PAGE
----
It’s raining here in Kansas, and I’m sitting here, at work, in my office listening to the thunderstorms outside while writing this.
Shhh, don’t tell my boss!
(In reality, I couldn’t have a boss more supportive of NCECA, but maybe I’ll talk more about my mom another time.)
And don’t worry, next year’s conference will be over before tornado season begins.
I love writing this Saturday series of articles…I love talking about NCECA…(well, really, I just love talking, but you probably already know that). Though I’m really not a great writer, it is just so much fun for me to share this deeper level of insight into the way this organization works. (And I also have to say thank you to all of you who found me at conference and told me that you were enjoying reading these.) Today, I want to tell you about how NCECA finds what we refer to as the Conference Headliners. Have you ever wondered how we come up with the Keynote speaker for a conference? Or the Randall Session…Dance band…or some of the newer elements of the conference like the roundtable and the K-12 room?
Most of these come from a massive board brainstorming session that happens at our Spring meeting. (Let me pause and paint you a picture for a moment): My fellow board members, whom I am convinced are WAY smarter than I am, all sitting around a table throwing out names of people who might make great keynote speakers or distinguished speakers or roundtable folks as I frantically google them and wonder to myself, “how do they KNOW these folks?” For the keynote speaker, we usually try to find someone from outside of our field, but who has some kind of connection to ceramics and can inspire us from outside of the realm of clay. Once that person is selected, the roundtable usually forms around a topic that connects the keynote speech and the art world. It’s always interesting to me to watch that unfold.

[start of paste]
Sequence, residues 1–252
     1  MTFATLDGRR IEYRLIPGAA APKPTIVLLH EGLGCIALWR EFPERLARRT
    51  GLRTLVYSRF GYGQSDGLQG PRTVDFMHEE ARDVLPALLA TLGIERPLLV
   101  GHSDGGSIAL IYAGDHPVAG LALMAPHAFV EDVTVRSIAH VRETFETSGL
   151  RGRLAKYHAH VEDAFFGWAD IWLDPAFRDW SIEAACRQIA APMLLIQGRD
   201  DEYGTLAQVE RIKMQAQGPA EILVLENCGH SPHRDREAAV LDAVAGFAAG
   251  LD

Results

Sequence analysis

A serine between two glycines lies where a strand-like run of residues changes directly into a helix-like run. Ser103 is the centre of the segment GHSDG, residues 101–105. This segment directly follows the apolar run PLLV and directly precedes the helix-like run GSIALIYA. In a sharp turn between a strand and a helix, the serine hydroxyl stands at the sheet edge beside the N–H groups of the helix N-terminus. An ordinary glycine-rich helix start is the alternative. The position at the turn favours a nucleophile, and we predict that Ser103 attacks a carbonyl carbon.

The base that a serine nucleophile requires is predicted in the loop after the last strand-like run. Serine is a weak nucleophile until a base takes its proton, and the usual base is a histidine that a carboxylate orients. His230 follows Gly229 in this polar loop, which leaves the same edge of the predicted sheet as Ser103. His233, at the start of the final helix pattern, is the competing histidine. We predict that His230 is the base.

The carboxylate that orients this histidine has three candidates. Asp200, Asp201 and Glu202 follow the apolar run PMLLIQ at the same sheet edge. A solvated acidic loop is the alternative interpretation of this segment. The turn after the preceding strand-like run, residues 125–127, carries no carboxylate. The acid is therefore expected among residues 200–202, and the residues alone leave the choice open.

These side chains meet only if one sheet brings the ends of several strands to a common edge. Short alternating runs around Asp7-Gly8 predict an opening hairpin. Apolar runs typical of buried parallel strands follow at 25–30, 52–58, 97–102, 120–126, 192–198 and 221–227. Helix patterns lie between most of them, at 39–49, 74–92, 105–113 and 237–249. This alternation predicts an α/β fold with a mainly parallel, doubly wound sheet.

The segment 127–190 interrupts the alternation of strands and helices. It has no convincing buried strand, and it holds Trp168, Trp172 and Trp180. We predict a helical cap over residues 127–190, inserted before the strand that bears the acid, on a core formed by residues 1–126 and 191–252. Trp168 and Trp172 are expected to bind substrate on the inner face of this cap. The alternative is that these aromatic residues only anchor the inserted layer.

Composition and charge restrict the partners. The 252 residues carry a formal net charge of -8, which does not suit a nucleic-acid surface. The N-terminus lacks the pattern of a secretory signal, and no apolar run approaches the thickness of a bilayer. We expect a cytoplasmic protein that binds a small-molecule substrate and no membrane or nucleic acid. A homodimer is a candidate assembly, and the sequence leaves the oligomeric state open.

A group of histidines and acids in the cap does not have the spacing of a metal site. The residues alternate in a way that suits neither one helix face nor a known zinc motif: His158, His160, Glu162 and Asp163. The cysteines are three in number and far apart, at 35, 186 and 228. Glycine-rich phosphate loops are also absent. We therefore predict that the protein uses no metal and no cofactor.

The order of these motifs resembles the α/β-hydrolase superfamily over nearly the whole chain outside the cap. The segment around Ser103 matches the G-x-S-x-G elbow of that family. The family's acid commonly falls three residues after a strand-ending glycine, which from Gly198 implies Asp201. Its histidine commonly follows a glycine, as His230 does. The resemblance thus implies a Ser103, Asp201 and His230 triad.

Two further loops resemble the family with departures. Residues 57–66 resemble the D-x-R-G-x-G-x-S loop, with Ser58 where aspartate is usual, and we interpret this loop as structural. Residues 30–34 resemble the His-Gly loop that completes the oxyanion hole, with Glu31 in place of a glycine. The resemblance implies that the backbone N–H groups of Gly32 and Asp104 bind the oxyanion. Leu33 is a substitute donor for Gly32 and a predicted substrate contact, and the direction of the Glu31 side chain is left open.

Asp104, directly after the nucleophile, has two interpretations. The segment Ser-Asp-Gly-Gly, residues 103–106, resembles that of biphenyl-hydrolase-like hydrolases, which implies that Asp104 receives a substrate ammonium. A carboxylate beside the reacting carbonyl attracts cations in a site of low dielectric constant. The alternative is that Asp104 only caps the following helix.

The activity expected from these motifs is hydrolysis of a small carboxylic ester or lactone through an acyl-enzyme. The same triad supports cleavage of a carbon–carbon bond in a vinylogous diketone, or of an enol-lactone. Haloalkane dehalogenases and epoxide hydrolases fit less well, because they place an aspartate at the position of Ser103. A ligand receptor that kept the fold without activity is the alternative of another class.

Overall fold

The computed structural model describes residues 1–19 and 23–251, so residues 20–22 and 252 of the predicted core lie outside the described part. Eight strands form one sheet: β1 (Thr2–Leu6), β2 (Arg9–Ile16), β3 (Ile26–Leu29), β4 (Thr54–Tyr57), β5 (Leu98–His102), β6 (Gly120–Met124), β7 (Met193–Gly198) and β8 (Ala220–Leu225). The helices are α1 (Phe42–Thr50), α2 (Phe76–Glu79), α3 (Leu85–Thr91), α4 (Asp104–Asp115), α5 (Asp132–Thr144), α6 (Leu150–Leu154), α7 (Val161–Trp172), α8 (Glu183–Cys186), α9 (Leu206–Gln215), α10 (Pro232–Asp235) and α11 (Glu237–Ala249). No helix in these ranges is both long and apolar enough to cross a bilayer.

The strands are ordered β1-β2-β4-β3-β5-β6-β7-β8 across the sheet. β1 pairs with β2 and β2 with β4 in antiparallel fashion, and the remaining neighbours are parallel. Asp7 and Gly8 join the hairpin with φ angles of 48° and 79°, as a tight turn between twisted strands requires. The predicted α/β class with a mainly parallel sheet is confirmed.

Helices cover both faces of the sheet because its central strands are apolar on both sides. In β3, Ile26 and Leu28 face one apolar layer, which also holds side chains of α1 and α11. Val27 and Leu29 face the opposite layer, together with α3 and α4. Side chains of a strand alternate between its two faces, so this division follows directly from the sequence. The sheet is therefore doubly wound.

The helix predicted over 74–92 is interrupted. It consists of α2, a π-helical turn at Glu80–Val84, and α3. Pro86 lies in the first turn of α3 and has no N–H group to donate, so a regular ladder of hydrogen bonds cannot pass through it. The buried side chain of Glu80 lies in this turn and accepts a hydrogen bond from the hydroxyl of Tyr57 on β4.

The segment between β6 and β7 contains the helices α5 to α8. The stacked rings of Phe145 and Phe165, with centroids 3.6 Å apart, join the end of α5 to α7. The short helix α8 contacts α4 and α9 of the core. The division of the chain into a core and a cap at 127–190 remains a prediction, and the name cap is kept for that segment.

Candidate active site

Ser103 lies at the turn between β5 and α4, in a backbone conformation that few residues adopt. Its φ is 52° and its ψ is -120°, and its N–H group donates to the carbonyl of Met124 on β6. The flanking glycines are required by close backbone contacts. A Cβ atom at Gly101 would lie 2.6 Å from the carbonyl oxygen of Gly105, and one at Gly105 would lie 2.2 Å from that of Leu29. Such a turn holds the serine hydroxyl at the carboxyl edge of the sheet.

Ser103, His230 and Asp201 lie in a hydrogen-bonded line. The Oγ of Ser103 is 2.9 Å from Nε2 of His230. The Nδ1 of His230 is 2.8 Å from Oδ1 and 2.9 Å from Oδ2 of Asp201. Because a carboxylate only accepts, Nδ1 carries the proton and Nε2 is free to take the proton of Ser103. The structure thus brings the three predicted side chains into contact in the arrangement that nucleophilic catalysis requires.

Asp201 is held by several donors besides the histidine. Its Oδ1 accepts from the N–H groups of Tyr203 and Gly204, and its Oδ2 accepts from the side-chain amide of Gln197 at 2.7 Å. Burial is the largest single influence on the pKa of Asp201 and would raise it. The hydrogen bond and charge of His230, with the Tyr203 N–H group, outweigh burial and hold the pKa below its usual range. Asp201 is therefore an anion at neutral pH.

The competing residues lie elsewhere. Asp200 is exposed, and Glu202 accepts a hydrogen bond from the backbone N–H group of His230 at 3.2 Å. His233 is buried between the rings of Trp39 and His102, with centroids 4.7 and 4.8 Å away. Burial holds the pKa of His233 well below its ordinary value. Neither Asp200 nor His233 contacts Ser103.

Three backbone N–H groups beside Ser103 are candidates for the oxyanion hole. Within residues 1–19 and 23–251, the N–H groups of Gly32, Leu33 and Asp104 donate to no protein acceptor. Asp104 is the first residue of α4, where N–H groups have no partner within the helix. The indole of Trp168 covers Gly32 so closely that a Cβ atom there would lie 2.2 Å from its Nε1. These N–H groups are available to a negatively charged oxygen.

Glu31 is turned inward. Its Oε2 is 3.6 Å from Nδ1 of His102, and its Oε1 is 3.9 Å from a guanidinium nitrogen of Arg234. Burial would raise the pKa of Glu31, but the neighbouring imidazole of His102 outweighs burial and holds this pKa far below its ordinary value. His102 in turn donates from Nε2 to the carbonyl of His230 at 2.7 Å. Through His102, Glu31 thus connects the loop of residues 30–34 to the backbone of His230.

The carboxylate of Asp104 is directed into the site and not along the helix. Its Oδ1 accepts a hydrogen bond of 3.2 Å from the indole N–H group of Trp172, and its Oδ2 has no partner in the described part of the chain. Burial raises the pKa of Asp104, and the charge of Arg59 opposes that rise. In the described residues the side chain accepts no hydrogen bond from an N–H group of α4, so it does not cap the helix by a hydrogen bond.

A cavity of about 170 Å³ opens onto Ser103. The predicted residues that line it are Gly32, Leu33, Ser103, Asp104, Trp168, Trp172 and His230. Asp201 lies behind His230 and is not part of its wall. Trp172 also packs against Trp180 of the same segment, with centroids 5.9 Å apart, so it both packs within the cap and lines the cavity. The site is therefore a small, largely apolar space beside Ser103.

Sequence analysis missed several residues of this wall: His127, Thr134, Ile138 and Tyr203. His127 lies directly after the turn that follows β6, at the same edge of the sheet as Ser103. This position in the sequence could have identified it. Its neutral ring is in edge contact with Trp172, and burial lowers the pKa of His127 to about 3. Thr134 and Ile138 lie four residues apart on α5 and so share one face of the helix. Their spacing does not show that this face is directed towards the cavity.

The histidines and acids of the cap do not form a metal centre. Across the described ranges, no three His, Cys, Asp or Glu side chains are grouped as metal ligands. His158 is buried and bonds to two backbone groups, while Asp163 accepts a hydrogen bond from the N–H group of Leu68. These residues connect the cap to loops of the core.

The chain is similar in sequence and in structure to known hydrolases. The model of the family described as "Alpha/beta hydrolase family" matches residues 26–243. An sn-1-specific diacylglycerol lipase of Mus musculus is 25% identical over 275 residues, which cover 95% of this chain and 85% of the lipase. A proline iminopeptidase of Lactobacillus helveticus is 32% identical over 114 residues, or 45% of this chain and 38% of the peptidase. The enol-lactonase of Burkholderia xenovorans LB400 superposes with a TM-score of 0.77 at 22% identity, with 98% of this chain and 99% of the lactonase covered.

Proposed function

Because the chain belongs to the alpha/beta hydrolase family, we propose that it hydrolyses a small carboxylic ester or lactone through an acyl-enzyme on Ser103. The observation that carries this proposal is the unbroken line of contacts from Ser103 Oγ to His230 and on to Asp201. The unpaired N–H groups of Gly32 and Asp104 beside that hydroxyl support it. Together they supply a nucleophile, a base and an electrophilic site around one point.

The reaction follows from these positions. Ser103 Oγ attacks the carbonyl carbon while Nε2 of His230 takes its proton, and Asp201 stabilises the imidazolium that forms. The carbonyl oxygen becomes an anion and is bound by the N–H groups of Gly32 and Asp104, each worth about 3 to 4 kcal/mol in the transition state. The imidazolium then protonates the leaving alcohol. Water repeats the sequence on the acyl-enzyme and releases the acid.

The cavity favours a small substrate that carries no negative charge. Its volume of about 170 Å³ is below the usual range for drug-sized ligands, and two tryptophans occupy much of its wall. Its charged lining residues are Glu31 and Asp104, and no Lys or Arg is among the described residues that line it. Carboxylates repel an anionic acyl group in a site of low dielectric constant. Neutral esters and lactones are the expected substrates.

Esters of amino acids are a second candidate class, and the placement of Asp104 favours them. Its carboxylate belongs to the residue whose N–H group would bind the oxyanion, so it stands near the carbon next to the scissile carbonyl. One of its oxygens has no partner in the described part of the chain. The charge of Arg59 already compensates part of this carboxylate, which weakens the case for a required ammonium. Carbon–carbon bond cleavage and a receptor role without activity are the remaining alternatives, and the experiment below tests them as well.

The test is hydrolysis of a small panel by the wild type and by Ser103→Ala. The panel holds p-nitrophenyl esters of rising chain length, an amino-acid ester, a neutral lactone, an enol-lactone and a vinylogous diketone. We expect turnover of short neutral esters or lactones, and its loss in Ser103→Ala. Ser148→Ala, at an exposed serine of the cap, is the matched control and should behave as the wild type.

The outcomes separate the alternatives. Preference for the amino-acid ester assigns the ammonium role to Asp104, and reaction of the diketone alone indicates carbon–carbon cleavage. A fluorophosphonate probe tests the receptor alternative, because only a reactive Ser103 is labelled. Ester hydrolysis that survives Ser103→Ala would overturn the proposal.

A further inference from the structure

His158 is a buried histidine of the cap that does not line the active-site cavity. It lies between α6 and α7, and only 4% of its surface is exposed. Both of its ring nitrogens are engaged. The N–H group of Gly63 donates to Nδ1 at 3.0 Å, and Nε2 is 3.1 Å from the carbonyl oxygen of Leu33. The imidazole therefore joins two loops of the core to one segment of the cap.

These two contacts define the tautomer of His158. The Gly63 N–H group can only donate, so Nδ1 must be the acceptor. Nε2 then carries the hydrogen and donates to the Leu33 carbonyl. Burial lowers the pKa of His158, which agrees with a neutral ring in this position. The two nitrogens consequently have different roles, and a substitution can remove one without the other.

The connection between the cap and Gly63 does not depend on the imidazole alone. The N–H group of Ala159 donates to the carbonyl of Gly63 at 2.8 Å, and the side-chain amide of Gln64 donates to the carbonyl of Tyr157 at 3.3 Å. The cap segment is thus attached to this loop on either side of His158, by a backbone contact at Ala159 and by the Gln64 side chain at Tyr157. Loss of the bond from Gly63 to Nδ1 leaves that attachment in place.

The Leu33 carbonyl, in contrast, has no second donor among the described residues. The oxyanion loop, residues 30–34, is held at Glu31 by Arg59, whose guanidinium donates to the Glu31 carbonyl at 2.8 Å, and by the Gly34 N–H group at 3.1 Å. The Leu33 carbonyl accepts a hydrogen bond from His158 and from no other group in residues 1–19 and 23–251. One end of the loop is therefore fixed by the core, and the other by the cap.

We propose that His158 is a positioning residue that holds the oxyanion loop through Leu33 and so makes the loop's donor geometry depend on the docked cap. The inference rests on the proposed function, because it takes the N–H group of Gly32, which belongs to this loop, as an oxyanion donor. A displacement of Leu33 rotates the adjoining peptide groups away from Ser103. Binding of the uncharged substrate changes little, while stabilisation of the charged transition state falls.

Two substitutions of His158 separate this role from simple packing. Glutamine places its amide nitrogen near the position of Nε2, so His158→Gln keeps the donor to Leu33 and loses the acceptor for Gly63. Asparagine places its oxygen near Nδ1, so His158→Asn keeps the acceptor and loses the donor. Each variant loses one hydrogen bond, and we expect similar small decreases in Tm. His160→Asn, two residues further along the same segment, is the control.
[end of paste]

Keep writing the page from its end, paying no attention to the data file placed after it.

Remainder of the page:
We also spend a good deal of time about Randall session (If you don’t know what the Randall session is all about, check out this video of Jay Lacouture explaining who Ted Randall was, and why we have the Randall session. He says it better than I ever could!), which is essentially the “Garth Johnson” department. I learn all kinds of new things there. (but of course, this year, we are Garthless….). The dance band discussion is usually led largely by the locals on the board (expect some AWESOME music in KC. We have a great music scene).
The list of folks we want for the closing lecture (which is usually someone that is a treasured member of our field) is long and continues to grow. Jack Troy’s Anecdotal Evidence this past year was touching, funny, beautiful, and inspiring. (Watch for it next week right here on the blog) We have so many wonderful artists in our community, and personally, I just want to hear ALL of them speak about their lives.
By far the most challenging puzzle is the simultaneous demonstrators. There’s a whole formula. 2 males, 2 females, sculptors and potters, and at least one international artist. Then add to it, stage presence and the ability to have some chemistry with the other person on the stage and it can become quite complicated. We also discuss some really great presenters for the K-12 room, which is an area that doesn’t render me to sit, silently googling, because I do know a LOT of great educators.
Now, speaking of really smart people, Steve Hilton, who just finished 6 years of service to the board as the programs director, came up with a brilliant idea. We can find out about WAY more people by asking YOU, our membership to help us with this task. A few months ago, Steve and I put together an online form for people to fill out to make suggestions for these conference headliners. It’s a pretty simple form, and you can fill it out as many times as you like for as many suggestions as you have. Prior to our spring board meeting, I will sort & compile all of these suggestions, do all of my googling in advance, and (although I might like to keep the info to myself so that I can look like the smart one for once), I will then send out the list with all the supporting links and data to the full board prior to the meeting so that we can have a more efficient discussion and plan.
So now, I’ve talked enough, and since so many of you told me at conference that you’re following the blog, it’s time for me to hear from you!
(PS. I never realized how many parenthetical phrases I use when I write! geesh.)